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Villanova stunned, 73-46, by Michigan in rematch

The Wildcats and their young players were outplayed on both ends of the floor by the Wolverines, who got a measure of payback for their 79-62 loss in the 2018 national championship game.

Eric Paschall, right, of Villanova has his shot blocked by Eli Brooks of Michigan during the 1st half on Nov. 14, 2018 at Finneran Pavilion.
Eric Paschall, right, of Villanova has his shot blocked by Eli Brooks of Michigan during the 1st half on Nov. 14, 2018 at Finneran Pavilion.Read moreCHARLES FOX / Staff Photographer

Jay Wright wondered how eighth-ranked Villanova's young team would handle itself against an established team like Michigan early in the season. He got his answer Wednesday night, and it wasn't pretty for a raucous crowd in the Finneran Pavilion to watch.

The rematch of the 2018 national championship game turned out to be no match. The No. 18 Wolverines ran their offense with precision and played shutdown defense, a combination that helped them get out to a 27-point halftime lead en route to a 73-46 victory over the defending champions in what was supposed to be the marquee pairing of the Gavitt Games.

It was Villanova's worst margin of defeat in the 32-year history of the Pavilion, topping a 100-74 loss to Providence on Feb. 11, 2004. The last time the Cats lost by nearly that many was a 96-68 trouncing by Creighton at the Wells Fargo Center on Jan. 20, 2014.

Villanova (2-1) saw its top four scorers depart from the team that defeated Michigan, 79-62, in April in San Antonio, and it showed. While the Wolverines lost three players, the holdovers got their share of payback in front of the stunned crowd, snapping the Wildcats' 35-game November winning streak that dated to 2012.

"Part of it is my fault," Wright said. "We've got too many pieces. We're running guys in and out. We're not as organized as we want to be, and we're just trying to find a lineup early in the season."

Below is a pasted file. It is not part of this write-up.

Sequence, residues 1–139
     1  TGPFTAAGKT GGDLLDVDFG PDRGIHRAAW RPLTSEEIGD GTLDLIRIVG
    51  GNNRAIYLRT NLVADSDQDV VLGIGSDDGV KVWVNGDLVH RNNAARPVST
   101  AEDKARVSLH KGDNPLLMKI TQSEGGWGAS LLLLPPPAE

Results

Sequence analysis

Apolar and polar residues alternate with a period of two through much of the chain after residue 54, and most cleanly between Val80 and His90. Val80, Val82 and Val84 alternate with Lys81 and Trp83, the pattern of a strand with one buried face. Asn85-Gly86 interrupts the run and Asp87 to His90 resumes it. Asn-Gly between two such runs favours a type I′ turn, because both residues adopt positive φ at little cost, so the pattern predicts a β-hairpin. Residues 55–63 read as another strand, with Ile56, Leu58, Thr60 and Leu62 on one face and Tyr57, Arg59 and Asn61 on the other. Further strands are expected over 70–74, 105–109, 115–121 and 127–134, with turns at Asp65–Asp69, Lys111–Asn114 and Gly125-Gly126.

"It doesn't look good throwing young guys in there against an experienced and well-coached team. All the credit goes to Michigan. If [there's] anything I wish we had done differently, maybe it would be to have a set lineup of seven or eight guys. We were too disorganized out there to play against a team like that."

The Wildcats shot 31.8 percent from the floor and committed 21 turnovers, which Michigan (3-0) converted into 25 points. The Wolverines also had 44 points in the paint, driving for layups seemingly at will.

The Wolverines locked down Villanova's two biggest scoring threats, seniors Eric Paschall and Phil Booth. Paschall was the only Wildcat in double figures with 10 points, but he shot 3-of-14 from the floor. The 6-foot-3 Booth, who was hounded the entire game by 6-6 Charles Matthews, could only get off eight shots and committed four turnovers.

Point guard Collin Gillespie, who knocked down five three-point baskets in the Cats first two games, was smothered whenever he spotted up at the arc and didn't attempt any. He went 1-of-3 and scored 5 points with five turnovers.

"We have really good individual defenders," Michigan coach John Beilein said. "They're really good at picking you apart and finding a weakness. We didn't have many weaknesses individually on defense today, and that was a big difference."

Matthews scored 16 of his 19 points in the first half, plus three blocked shots. Freshman Ignas Brazdeikis added 18 points and a game-high seven rebounds.

The game was close for the first 7½ minutes, with Villanova trailing, 14-8, at that point. But, Michigan scored the next 8 points, including threes by Eli Brooks and Isaiah Livers, and the rout was on.

With a 26-13 lead, the Wolverines ran off 13 points and extended their lead to 26, 39-13, on Matthews' driving bank shot with 3:12 left in the half. The halftime score was 44-17, and the Wildcats didn't have a punch left to make a run in the second half.

"Whatever the final score was, it wasn't that close," Wright said.